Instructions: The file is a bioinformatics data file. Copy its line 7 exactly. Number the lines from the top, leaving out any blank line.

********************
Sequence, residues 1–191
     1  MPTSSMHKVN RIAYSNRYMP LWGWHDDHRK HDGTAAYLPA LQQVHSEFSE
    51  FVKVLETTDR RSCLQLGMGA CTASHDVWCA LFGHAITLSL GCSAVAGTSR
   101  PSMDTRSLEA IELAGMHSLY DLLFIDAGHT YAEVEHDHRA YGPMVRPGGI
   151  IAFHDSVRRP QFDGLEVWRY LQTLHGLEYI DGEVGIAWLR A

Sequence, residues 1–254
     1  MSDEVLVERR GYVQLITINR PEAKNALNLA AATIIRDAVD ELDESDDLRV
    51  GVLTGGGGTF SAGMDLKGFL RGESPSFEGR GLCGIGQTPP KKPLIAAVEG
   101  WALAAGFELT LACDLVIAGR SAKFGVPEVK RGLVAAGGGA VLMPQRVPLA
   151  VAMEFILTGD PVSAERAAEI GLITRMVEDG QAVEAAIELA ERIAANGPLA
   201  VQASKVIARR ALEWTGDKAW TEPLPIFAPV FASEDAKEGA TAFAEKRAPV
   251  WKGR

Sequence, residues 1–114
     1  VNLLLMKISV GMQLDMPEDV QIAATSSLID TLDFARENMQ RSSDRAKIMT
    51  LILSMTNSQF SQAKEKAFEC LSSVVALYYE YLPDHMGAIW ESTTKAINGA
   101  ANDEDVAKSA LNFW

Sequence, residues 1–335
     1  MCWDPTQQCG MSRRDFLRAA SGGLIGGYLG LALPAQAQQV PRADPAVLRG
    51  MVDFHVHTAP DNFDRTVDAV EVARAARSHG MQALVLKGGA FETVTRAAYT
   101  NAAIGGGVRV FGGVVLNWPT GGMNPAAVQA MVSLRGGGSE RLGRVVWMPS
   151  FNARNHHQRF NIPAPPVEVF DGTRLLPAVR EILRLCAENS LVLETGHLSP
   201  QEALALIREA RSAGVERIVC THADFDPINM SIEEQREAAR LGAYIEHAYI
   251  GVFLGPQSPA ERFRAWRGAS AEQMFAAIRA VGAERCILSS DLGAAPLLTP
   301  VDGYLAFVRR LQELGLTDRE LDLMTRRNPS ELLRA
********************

     1  MSDEVLVERR GYVQLITINR PEAKNALNLA AATIIRDAVD ELDESDDLRV